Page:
But strategists from both sides also say the Republicans are more willing to push boundaries, both with the content of their messages and with how they send them.
Texts from Mr Trump tend to be shorter and punchier than those from Mr Biden, mimicking the style of his tweets with a heavy reliance on capital letters and exclamation marks. They often solicit money in a more upfront way, promising to match any donations with ones of equivalent size, though never saying where those other funds are coming from.
Some strategists say the volume of Republican texts are the latest sign that the Trump campaign has mastered the medium better than Mr Biden’s team, in much the way it did with Facebook in 2016. “Democrats invent and Republicans perfect,” said Thomas Peters, chief executive of uCampaign, which made Mr Trump’s 2016 campaign app.
But the aggressive tactics could also land Mr Trump’s campaign in trouble.
Earlier this summer US telecoms companies blocked the president’s campaign from sending more than 1m messages, partly because they did not include clear instructions on how to opt out. The campaign is also facing at least two lawsuits from people who say they have received messages despite not giving their consent.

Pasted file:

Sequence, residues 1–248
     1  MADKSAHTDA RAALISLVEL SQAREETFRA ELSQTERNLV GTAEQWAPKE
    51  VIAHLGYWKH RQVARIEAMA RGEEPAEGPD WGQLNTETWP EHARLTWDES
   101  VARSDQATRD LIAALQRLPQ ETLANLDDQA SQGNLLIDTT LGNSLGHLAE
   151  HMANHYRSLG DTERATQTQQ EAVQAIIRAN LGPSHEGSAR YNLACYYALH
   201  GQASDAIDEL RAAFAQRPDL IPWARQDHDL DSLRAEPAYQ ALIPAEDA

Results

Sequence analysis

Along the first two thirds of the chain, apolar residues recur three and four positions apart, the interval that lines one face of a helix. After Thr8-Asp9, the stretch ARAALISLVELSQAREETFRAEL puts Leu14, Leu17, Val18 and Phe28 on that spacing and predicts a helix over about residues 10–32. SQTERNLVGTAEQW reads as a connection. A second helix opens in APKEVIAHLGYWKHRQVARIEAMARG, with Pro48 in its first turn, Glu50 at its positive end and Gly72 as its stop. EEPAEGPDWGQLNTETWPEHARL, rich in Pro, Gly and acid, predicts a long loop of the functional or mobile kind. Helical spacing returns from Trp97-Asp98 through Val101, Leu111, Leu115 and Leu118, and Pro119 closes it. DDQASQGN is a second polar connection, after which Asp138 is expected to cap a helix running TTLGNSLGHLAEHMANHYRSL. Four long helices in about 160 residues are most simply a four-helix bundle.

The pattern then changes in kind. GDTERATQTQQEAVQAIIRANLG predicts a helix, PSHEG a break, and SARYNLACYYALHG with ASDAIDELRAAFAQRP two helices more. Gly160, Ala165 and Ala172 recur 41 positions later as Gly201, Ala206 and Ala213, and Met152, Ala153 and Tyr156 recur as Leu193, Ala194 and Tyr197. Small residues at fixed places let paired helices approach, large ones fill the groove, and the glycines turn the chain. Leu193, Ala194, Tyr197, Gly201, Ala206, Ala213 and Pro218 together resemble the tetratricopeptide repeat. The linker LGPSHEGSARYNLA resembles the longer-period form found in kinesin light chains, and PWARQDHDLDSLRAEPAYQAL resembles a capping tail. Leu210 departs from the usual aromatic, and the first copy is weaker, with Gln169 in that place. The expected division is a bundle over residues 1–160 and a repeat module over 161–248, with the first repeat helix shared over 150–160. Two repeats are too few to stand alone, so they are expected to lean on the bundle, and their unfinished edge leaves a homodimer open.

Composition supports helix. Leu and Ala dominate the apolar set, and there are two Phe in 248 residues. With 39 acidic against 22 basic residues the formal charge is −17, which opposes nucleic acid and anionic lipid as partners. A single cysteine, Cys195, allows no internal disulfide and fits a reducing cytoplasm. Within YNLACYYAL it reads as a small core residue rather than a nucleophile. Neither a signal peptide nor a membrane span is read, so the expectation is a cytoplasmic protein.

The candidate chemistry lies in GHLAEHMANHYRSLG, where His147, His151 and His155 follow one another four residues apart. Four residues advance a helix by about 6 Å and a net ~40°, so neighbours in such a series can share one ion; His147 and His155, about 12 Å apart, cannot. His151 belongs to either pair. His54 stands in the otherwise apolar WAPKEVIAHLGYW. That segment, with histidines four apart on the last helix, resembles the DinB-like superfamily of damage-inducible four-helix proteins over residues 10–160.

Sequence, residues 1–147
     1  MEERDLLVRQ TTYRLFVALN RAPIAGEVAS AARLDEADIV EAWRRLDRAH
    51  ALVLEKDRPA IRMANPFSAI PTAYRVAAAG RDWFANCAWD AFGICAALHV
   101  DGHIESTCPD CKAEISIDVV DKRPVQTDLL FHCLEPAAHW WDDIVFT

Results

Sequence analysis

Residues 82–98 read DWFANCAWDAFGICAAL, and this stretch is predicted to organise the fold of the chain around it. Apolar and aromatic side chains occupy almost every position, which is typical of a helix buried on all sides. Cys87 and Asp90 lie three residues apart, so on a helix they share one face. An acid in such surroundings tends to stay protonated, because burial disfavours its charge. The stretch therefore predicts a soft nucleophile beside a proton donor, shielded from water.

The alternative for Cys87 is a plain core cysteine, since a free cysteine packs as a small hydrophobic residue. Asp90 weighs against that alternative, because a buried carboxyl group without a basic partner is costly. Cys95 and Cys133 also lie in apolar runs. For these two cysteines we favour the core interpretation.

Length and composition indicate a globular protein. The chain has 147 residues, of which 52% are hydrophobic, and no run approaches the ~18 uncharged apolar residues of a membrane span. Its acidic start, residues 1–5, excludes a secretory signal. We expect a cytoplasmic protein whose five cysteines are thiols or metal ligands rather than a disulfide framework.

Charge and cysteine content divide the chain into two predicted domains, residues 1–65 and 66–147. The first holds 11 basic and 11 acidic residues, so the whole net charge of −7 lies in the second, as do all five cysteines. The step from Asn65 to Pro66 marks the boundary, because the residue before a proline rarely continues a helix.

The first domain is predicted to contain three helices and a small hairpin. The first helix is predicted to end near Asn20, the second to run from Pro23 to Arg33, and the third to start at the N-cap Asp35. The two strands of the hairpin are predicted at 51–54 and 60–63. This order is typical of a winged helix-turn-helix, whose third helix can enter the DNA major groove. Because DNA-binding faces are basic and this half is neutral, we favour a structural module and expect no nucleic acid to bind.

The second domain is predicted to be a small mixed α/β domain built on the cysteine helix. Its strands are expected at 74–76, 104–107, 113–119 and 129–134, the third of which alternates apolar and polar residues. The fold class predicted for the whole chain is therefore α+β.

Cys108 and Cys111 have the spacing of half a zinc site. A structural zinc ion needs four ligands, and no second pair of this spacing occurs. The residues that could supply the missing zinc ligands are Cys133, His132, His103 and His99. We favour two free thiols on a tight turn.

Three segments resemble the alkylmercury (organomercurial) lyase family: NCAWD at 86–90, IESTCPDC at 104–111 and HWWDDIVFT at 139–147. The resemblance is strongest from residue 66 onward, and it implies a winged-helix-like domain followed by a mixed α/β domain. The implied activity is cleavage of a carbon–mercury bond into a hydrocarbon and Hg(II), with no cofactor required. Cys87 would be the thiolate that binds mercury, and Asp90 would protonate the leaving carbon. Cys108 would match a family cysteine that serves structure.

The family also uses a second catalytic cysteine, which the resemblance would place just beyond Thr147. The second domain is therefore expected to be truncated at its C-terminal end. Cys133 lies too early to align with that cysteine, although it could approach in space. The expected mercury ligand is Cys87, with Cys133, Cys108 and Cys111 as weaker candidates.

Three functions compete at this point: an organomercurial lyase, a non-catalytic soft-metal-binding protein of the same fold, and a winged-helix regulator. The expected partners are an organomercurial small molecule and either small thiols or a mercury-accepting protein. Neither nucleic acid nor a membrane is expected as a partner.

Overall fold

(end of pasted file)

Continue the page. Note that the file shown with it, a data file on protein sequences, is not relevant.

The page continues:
Campaigns do not send out the messages themselves, but usually subcontract the work to private companies who specialise in automated text message operations.
One Republican strategist said: “Some of these companies are engaged in a race to the finish line: they just want to send out as many texts as possible to hit pre-agreed targets, and don’t care whether they are ethical or even whether they are working.”
Neither the Trump campaign nor Opn Sesame, the company which runs its text message operation, responded to a request for comment.
As well as bombarding voters with automated texts, some campaigns have asked their supporters to text their contacts, in a practice known as peer-to-peer texting. Sometimes supporters will decide themselves on what to text, but more often they follow a strict script, which can vary depending on what type of person they are messaging.
Peer-to-peer texts circumvent the need to gain prior consent since people are sending personal messages, and practitioners say they are more successful in generating a response.
Michael Luciani, the chief executive of The Tuesday Company, which sells peer-to-peer texting software to Democratic candidates, said his company’s clients were using its app 10 times more than they had in previous campaigns.
But it remains far easier to reach voters in their millions through automated texts, and industry insiders say both presidential campaigns are relying heavily on them to reach as many people as possible in the final scramble to turn out voters.
The only risk, say some, is that this blizzard of messages ends up angering voters and rendering the medium less effective in future campaigns.
“There has been a huge expansion in political texting,” said Tim Lim, a Democratic digital adviser. “But already we are seeing the carriers clamp down on some of these tactics. The question is how long campaigns can carry on running operations like this.”